Instant Gratification

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“I just landed at KMQY (Smyrna, Tenn.) to drop off my wife,” Lew told the lady who answered the SavvyBreakdown 24/7 toll-free hotline. “When I went to start engines on my 1968 Beechcraft D55 Baron for my flight home, the left engine started fine but the right engine wouldn’t start. It sounds like the starter motor is spinning but the prop isn’t turning. I need help.”

Three minutes later, Savvy’s on-call account manager—Tom Cooper A&P/IA—phoned Lew back. Lew described the symptoms and answered Tom’s questions.“

“Since the starter motor is turning but the prop isn’t moving,” Tom told Lew, “it could be that your starter drive adapter (SDA) is worn and slipping, or it could mean that your starter motor is not developing enough torque to engage the SDA because your battery is weak or there’s an excessive voltage drop between the battery and the starter motor.”

“So what should I do,” asked Lew, who sounded a bit upset by the situation.

“My hope is that we can find a way to get your engine started so you can fly home and deal with whatever is wrong there,” Tom explained. “If that’s not possible, then I’ll work with you on troubleshooting the problem and we’ll find a mechanic in Smyrna who can do whatever repairs are necessary. But we always like to avoid doing repairs away from home base if we can possibly avoid it.”

“Sounds good,” said Lew, “but what tricks do you have up your sleeve for getting my engine started?”

Tom’s Trick

“Well, I think our best bet would be to hook the airplane to a ground power cart,” Tom replied. “In situations like yours, we often are able to get the engine started on GPU power even when it fails to turn on ship’s battery power. No guarantees that it will work, but I think it’s worth a shot.”

“Interesting,” said Lew. “I wouldn’t have thought of that.”

“To maximize our chances, I suggest you give the engines a chance to cool down so we don’t have to deal with any hot-start issues. There’s an outfit there on the field—Contour Aviation—who can probably furnish a ground power cart. Their phone number is 615-534-4600. See if they can bring their GPU over to your airplane in a little while. While you’re waiting, be sure to review the POH procedure for doing a ground-power start. I think it’ll recommend turning the battery switch on but leaving the alternator switches off until the ground power is removed, but be sure to check the POH to make sure.”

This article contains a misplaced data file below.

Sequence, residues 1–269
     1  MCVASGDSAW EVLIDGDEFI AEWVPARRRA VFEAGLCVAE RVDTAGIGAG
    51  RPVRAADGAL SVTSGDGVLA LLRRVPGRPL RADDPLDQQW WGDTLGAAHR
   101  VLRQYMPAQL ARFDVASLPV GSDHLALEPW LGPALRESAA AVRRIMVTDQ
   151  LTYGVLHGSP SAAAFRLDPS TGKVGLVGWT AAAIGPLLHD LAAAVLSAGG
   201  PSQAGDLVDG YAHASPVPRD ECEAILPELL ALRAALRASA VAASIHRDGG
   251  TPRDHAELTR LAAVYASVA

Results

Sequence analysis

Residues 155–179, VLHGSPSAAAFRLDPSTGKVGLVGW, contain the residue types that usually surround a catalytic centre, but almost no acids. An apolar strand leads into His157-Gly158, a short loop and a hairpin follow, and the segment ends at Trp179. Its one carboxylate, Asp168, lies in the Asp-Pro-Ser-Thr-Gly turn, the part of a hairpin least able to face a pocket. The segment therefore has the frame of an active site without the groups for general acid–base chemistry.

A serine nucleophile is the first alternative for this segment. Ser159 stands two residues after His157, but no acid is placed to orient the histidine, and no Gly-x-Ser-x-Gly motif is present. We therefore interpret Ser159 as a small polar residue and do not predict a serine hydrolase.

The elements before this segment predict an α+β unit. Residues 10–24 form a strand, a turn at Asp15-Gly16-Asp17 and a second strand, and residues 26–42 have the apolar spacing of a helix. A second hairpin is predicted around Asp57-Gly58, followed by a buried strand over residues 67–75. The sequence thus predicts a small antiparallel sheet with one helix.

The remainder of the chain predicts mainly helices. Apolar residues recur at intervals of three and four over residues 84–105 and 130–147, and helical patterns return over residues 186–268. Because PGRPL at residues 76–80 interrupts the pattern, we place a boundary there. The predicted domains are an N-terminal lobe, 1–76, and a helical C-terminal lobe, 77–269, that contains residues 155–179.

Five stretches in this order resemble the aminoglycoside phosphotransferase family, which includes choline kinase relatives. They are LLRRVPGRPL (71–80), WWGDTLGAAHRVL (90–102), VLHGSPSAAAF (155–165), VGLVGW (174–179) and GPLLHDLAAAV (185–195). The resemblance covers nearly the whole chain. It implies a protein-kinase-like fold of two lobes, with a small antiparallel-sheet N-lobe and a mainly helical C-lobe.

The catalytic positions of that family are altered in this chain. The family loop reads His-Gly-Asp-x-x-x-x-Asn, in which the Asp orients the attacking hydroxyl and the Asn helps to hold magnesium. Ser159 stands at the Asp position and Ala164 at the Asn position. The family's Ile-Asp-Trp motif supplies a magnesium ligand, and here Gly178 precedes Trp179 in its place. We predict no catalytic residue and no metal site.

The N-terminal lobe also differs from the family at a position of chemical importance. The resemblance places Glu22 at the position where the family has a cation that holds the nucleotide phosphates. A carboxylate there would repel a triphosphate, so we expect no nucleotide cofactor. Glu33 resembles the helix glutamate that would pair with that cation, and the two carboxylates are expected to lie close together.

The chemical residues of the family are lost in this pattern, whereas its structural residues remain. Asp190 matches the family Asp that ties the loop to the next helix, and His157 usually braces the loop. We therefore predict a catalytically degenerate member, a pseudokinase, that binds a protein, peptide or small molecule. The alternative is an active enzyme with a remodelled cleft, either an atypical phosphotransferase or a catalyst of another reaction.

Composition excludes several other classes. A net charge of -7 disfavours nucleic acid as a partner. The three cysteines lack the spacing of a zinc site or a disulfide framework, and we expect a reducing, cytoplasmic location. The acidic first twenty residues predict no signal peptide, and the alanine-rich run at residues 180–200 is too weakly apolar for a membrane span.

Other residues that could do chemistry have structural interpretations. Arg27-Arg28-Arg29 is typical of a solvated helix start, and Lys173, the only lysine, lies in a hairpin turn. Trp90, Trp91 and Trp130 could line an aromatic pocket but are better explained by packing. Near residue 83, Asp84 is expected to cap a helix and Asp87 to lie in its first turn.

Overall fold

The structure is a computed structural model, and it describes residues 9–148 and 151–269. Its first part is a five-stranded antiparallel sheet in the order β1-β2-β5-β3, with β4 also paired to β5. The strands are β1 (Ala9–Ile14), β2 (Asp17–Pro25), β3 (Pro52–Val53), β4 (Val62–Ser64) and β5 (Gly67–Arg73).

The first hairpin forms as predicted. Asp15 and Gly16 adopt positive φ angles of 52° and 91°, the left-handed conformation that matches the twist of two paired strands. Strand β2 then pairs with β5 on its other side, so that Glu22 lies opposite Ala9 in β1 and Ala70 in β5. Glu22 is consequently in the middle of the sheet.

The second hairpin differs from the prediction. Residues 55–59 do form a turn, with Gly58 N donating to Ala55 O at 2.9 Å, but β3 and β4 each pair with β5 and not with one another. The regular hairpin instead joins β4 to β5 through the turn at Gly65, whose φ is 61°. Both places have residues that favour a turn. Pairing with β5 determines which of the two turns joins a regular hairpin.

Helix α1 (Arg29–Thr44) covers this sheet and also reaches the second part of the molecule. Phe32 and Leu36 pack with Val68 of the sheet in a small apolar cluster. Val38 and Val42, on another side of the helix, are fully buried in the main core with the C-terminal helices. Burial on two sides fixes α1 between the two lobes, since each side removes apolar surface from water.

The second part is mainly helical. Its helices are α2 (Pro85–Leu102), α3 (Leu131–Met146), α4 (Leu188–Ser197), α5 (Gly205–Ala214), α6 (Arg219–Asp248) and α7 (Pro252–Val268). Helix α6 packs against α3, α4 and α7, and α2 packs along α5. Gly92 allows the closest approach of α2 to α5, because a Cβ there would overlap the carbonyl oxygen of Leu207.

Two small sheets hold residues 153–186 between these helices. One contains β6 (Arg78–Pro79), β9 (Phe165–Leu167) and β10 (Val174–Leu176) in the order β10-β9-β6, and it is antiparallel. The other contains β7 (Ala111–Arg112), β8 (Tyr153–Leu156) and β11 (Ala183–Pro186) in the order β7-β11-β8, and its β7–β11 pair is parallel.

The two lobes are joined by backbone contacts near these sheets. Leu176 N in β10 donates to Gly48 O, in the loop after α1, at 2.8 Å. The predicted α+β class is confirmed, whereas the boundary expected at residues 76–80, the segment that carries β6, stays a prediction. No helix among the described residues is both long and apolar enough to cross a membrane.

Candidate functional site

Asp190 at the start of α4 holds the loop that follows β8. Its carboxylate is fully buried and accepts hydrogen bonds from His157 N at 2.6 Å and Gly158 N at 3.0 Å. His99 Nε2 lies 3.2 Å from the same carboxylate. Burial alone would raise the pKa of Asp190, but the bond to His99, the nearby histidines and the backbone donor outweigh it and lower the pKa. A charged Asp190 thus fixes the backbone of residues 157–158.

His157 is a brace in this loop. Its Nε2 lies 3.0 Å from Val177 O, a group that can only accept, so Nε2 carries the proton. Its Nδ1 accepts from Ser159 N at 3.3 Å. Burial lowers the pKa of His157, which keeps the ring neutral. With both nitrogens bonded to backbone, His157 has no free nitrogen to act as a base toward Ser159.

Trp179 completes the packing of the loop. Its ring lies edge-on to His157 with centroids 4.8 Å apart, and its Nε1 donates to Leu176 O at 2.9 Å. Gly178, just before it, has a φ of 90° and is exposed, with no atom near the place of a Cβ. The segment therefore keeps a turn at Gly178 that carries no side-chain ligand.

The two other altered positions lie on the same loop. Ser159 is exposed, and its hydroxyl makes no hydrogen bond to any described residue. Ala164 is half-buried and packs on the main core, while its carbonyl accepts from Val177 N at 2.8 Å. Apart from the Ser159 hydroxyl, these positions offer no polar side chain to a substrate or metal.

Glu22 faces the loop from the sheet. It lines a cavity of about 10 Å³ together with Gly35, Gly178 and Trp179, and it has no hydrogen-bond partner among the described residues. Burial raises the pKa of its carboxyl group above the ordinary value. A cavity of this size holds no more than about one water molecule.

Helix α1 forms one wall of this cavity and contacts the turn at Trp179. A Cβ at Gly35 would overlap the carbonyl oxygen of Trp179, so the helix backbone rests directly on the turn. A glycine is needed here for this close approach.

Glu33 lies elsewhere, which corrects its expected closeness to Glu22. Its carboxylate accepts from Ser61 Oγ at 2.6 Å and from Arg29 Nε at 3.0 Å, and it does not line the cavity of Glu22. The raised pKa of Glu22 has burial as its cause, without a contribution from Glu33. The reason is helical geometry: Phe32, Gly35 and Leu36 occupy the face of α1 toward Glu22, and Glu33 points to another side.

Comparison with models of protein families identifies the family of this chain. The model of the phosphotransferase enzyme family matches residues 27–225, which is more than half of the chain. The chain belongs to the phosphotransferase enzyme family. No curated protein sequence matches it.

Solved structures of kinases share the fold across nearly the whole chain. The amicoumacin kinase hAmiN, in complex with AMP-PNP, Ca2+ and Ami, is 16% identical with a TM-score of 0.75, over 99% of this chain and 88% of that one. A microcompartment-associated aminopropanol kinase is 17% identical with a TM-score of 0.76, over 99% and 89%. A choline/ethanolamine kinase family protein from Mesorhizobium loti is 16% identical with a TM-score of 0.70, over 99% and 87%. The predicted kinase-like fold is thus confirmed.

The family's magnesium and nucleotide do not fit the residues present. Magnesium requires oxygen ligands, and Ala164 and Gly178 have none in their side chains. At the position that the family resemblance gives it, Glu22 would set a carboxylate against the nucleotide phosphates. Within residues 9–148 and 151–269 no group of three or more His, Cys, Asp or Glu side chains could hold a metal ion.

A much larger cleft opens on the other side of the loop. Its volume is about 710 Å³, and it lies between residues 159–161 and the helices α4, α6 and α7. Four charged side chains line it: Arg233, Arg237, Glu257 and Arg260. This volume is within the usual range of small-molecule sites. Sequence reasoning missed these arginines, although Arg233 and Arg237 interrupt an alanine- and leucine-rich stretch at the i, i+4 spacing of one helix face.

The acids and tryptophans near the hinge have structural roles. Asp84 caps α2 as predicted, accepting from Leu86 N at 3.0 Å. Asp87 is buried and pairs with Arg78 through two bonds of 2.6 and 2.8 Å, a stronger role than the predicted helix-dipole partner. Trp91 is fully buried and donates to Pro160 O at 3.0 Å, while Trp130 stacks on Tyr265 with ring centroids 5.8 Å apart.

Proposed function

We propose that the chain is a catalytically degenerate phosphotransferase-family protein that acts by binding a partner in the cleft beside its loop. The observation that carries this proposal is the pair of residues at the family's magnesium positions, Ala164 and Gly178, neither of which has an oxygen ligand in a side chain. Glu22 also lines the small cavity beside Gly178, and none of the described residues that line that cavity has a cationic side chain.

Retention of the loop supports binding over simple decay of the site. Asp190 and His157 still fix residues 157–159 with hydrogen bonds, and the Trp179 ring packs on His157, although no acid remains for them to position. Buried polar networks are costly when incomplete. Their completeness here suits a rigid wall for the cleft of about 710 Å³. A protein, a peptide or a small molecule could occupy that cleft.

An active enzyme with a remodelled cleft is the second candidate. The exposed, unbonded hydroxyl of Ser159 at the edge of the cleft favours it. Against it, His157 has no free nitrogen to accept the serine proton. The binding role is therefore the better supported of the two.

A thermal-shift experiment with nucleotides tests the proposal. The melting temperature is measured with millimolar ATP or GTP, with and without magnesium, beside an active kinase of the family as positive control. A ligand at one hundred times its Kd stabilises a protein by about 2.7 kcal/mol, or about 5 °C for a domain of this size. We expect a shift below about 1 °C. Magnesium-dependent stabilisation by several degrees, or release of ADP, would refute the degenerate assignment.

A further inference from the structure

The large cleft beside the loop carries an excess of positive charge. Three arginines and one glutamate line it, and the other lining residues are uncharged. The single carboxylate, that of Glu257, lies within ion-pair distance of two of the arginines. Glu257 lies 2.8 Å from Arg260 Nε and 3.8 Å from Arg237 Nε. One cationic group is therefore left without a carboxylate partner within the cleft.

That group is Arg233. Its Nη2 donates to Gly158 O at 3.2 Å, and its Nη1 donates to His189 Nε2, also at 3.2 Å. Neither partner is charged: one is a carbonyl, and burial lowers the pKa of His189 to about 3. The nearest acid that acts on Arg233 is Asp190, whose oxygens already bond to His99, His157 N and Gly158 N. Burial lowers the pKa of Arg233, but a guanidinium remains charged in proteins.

“Will do,” said Lew. “Thanks, Tom.”

The Punch Line

“Power cart is in position,” Lew told Tom. “The engine has been cooling since I shut it down a little more than an hour ago, and the OAT is 55°.”

“Sounds good,” Tom said. “Give it a try, then call me back and let me know what happened.” Another 15 minutes passed before Lew phoned. Tom could hear the sounds of engines running in the background. “Tom, it worked! You’re awesome!”

“I love it when a plan comes together,” Tom said. “Have a safe flight home, and let me know when you get there so I can stop worrying.”

“You bet,” said Lew.

An hour later, Lew called to Tom and advised that the Baron was home and tucked safely in its hangar. “Wow, you guys provide instant gratification! I cannot thank you enough for bailing me out of a sticky situation. I’ll be telling all my fellow Beech pilots about Savvy.”

The next day, Lew reopened his SavvyBreakdown ticket and posted this: “Tom, when I went to remove the starter motor today, the power cable end terminal came off in my hands as I pulled back the protective rubber boot. Inspection revealed that only about one-eighth of the wire strands had been intact (based on their bright copper color) whereas the other seven-eighths were darkened suggesting that they’d been broken for a lot longer.”

“My A&P/IA installed a new copper end terminal onto the cable, and the starter cranked the engine on three consecutive tests,” Lew continued. “So, I think I’ll see if that solves the problem, rather than undertaking the arduous and invasive task of replacing the starter drive adapter. I’ll be flying to Cincinnati next week and if the problem recurs, there are mechanics there that can repair the airplane.”

“Nice find!” said Tom. “I suspect that mostly-broken cable caused a significant voltage drop that prevented the starter from spinning aggressively enough to engage the starter drive adapter. I recommend that you monitor things closely for a while to make sure that was the true issue. But I’m guessing it is, in which case you got off with a quick, inexpensive fix.”

Mechanical problems away from home can be an aircraft owner’s worst nightmare. In situations like this, having a subscription to our Breakdown Assistance can be a real godsend. Our hotline is available 24/7/365, and when you call one of our veteran A&P/IA account managers will call you back within 15 minutes (and usually a lot quicker than that). He’ll work with you to troubleshoot the problem and come up with the best solution for getting you safely back home or on your way as quickly as possible. Think of it as “AAA for GA.”

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